Sunday September 03, 2017

Should more governments apologize for the 60s Scoop?

Sixties Scoop survivors and supporters gather for a demonstration at a Toronto courthouse on Tuesday, August 23, 2016.

Sixties Scoop survivors and supporters gather for a demonstration at a Toronto courthouse on Tuesday, August 23, 2016. (Michelle Siu/Canadian Press)

Listen 12:18

From the 1960s to the early 1980s, social workers across Canada removed at least 20,000 Indigenous children from their homes and placed them in foster or adoptive families, most of whom were white.

The federal government essentially sanctioned the program when it allowed the provinces to provide child welfare services in Indigenous communities.

This period of time later became known as the "60s Scoop". It caused untold trauma and emotional harm to thousands of families. And some say a sorry from the government would be worth a lot.

"An apology really creates that portal, if you will, for more healing to take place," said Jacqueline Maurice.

Jacqueline Maurice Age 3

Jacqueline Maurice at age three (Provided by Jacqueline Maurice)

Maurice is Métis and was born in northern Saskatchewan. She was taken from her mother as a baby and put into foster care. By the age of 14 she had gone through 14 different foster homes.

When she spoke out about sexual abuse from one of her foster fathers, she was kicked out of the home. What followed was a long journey to figure out where she came from and who she was.

"Who do we turn to when we even want to ask basic things? What was it like when I was three-years-old? You know, what was I like when I was six and starting grade one?" said Maurice.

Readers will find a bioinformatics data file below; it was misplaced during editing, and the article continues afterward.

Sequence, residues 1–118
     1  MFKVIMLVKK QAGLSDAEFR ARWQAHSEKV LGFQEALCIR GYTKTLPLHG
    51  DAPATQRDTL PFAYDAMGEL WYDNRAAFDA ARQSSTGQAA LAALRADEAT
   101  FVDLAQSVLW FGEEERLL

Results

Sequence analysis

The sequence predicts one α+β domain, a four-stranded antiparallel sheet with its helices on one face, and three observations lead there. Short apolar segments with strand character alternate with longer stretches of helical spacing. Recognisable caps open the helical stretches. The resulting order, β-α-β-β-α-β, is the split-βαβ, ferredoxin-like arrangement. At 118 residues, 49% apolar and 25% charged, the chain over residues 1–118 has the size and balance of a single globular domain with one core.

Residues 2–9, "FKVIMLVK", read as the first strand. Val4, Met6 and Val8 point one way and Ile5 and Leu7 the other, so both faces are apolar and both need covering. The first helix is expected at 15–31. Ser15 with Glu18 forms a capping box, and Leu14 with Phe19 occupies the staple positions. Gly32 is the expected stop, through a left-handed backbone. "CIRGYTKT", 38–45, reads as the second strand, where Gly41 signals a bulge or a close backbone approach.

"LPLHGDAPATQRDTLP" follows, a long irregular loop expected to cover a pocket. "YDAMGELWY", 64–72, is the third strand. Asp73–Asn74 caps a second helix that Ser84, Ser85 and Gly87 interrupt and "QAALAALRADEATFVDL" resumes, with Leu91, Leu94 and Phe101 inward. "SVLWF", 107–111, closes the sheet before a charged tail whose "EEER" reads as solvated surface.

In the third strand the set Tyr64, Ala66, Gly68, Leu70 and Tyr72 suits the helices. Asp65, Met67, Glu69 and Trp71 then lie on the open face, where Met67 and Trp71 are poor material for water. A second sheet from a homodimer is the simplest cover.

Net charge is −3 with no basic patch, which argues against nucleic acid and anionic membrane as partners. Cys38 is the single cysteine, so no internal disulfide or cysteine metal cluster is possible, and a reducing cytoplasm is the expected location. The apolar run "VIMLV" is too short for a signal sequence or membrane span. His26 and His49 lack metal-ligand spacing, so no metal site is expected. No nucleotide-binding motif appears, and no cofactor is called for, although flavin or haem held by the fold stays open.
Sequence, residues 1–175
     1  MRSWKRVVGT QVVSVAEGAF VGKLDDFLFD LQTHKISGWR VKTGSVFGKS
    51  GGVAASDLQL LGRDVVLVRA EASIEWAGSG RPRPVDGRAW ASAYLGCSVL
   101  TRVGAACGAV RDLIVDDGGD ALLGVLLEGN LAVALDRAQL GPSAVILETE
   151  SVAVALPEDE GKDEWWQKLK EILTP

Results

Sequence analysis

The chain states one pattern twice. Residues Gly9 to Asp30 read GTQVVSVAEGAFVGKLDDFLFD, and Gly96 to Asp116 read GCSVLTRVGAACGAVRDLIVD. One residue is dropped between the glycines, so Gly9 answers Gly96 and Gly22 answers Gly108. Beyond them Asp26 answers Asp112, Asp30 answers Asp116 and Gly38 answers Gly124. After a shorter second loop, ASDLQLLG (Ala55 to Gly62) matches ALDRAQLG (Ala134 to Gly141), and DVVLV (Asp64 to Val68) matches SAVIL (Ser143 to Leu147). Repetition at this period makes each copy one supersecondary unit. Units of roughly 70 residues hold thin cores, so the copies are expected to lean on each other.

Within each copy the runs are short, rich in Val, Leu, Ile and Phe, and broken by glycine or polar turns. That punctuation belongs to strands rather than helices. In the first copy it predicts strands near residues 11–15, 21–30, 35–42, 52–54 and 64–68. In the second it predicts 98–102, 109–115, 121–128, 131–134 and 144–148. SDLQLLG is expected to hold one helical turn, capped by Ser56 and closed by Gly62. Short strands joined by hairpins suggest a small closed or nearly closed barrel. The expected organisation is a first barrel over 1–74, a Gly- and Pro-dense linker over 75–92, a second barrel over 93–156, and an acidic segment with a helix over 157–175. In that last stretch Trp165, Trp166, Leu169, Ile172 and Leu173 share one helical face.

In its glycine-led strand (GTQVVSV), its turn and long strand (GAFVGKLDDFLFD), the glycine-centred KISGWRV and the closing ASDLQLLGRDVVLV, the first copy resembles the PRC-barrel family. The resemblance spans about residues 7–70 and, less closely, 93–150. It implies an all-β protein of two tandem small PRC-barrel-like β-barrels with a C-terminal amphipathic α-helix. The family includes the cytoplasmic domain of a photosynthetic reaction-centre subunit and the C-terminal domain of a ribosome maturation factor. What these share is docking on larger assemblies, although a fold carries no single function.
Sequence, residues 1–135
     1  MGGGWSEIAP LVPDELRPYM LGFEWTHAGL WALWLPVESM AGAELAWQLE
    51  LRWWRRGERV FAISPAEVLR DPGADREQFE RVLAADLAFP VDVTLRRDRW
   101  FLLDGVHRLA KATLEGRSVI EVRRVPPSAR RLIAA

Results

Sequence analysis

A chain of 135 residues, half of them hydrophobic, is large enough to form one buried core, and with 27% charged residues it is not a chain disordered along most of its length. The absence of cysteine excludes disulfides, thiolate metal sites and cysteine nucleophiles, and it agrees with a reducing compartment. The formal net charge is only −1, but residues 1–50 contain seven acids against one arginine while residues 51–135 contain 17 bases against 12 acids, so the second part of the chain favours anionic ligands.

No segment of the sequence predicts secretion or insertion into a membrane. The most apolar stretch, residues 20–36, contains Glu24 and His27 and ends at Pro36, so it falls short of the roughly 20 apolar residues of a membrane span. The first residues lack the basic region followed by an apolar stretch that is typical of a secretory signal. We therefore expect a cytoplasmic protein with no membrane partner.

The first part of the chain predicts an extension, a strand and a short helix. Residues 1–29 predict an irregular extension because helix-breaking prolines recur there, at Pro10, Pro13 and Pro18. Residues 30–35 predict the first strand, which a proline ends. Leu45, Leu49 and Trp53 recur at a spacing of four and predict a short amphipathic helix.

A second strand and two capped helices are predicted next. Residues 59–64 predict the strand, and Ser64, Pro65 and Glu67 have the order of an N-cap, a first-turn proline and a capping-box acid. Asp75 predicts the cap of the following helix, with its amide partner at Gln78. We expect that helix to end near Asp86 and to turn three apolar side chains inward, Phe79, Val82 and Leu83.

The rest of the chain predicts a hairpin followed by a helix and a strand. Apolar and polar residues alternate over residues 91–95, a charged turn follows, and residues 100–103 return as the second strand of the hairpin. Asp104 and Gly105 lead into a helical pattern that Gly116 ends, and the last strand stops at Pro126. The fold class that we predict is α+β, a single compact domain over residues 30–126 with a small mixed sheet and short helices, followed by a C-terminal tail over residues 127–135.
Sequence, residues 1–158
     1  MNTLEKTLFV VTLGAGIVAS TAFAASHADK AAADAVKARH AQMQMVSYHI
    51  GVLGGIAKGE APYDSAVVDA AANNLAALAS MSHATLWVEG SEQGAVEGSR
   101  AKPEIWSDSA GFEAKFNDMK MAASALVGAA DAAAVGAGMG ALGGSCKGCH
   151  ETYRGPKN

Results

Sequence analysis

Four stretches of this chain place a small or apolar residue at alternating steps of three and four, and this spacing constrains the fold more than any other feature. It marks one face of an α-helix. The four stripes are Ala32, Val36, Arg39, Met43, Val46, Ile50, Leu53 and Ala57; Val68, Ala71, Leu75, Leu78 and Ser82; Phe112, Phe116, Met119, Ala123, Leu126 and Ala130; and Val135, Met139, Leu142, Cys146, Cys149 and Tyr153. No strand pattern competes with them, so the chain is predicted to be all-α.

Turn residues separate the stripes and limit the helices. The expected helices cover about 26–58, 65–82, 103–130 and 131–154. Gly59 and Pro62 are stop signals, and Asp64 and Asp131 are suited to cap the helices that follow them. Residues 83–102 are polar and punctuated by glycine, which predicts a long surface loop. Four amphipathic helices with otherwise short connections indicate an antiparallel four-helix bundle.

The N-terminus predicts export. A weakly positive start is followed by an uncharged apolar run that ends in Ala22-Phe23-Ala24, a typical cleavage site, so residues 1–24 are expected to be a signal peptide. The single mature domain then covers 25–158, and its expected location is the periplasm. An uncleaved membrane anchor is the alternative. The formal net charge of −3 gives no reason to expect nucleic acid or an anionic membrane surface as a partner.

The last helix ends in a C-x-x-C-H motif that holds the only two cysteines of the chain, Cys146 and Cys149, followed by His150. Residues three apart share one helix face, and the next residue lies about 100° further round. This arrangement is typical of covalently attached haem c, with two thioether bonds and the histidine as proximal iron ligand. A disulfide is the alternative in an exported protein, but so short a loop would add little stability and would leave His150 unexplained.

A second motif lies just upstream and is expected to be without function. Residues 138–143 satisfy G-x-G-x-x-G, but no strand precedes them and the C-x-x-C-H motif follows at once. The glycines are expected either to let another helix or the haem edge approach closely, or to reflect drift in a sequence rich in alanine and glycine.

"When you have your most valuable resource, family, taken away from you, there's such a loss, and what I would call a hole in my soul."

In 2015, the Manitoba government apologized for the "60s Scoop". So far, no other government in Canada has done so.

But not everyone thinks more apologies are necessary.

Jacqueline Maurice present

Jacqueline Maurice went through 14 foster homes by the time she was 14. (Provided by Jacqueline Maurice)

"I think that action needs to come before apology," said Cindy Blackstock, the Executive Director of the First Nations Child and Family Caring Society.

"In fact, I think [an apology] can serve to mask inaction."

Blackstock is an advocate for First Nations children and has spent years fighting for kids on reserves to have the same level of child welfare services as other kids.

In a landmark ruling in January 2016, the Canadian Human Rights Tribunal said the federal government has discriminated against children on reserves by not providing that level of service. In the year since, Blackstock says the government hasn't done enough to comply with that ruling.

"I would rather see … that Canada moves immediately to fully and properly comply with the three legal rulings of the Canadian Human Rights Tribunal," she said. "To make sure that First Nations children have a fair chance going forward to grow up in their families and that the government doesn't slip back into its discriminatory practice."

"I want to see that first, and then we can talk about an apology."  

This story originally aired on January 15, 2017